TDK6--May I suggest that this "argument" is probably not a dispute over the facts, but it merely reflects the difference between being technically accurate on one hand, and giving simple, practical direction and coaching to make the right thing happen on the other.
You are right, of course, that you can tip or flatten your skis by just using angulation movements--feet/ankles, knees, hips, spine, etc. But the critical issue here is not just tipping and releasing the edges. It is the movement of the body (center of mass) downhill, into the turn (in other words, inclination). If you release your edges without moving your CM down the hill, of course, your skis will just slip out from underneath you. So you must move downhill before, or as, you release your edges. And if the CM is not already moving downhill on a path that crosses the path of the skis, as it would be (or at least, as it should be) when turns are linked, then we must recruit some external force to push or pull it down the hill. That's simple physics.
In a traverse then, or just a standstill, we must do something to get that CM moving down the hill. It can be so subtle that we might not even notice it, but that something would generally be some sort of a lateral weight transfer--momentarily and microscopically extending the uphill leg or retracting the downhill leg--or it could even involve a push with the uphill pole, although that would be less likely. Simply angulating with the ankles, knees, or hips involves only internal muscular forces that move one thing one way and something else the other way, keeping the CM laterally undisturbed.
These things are absolutely necessary, required by the laws of physics (Newton's First Law--a body at rest will remain at rest until an external force acts on it...), and not debatable. But from a practical point of view, they may well be unnecessary to consider--as you suggest. Our bodies know very well how to do these things, without our conscious awareness, understanding, or direction. You don't have to remember, or even to know how you do it, to get your body moving forward from a standstill before you take a step forward with your feet. So your point that it's easy--just tip your feet, knees, or hips and release your edges--will work for the majority of students, because their bodies already know how to keep their balance. A little practice and coaching with sideslips--making sure that the shoulders don't tip up the hill as the edges release, for example--is all it takes for most people. Tip the feet to release and slip, tip them again to set the edges, repeat, repeat, repeat, and most will figure it out without needing to understand the underlying physics, and without necessarily needing to be reminded to move downhill as they release their edges.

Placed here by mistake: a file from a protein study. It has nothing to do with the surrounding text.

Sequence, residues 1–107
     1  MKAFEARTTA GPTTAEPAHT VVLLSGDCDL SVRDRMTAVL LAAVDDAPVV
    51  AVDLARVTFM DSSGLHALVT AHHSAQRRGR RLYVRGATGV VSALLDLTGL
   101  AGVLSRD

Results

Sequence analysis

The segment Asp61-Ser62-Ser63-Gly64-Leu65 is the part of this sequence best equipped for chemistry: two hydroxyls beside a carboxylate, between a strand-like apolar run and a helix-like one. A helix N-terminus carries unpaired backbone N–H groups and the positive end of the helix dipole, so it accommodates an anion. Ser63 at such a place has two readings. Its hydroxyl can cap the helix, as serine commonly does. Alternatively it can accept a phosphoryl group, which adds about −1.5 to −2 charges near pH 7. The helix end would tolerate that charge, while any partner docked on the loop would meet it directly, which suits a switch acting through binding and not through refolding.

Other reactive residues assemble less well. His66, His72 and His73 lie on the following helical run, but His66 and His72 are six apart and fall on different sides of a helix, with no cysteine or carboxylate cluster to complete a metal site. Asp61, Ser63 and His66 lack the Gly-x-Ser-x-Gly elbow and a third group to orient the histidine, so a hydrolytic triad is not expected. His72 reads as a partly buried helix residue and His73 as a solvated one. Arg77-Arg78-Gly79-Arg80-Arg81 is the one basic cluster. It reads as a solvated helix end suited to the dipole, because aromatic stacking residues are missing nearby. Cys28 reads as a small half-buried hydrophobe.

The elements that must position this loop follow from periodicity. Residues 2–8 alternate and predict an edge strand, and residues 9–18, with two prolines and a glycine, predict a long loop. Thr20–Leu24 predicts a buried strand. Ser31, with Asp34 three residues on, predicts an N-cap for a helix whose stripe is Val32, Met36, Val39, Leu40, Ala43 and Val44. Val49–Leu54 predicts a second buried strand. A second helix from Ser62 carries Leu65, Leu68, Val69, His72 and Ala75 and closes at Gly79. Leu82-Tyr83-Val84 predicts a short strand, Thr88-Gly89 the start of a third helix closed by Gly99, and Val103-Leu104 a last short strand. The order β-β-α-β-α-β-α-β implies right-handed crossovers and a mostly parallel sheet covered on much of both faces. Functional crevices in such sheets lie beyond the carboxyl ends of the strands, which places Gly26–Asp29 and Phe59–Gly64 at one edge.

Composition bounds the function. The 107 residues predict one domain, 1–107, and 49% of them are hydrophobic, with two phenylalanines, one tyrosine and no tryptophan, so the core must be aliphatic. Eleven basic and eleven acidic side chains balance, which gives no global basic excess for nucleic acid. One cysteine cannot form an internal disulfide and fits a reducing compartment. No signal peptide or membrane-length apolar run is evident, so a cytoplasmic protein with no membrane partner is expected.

Effective teaching does not always need to be 100% technically accurate in every detail. And 100% technically accurate, fully detailed explanation is not always (or almost ever) good, effective teaching. As Horst Abraham once asked, "does a butterfly flap its wings up and down, or does a butterfly just fly?"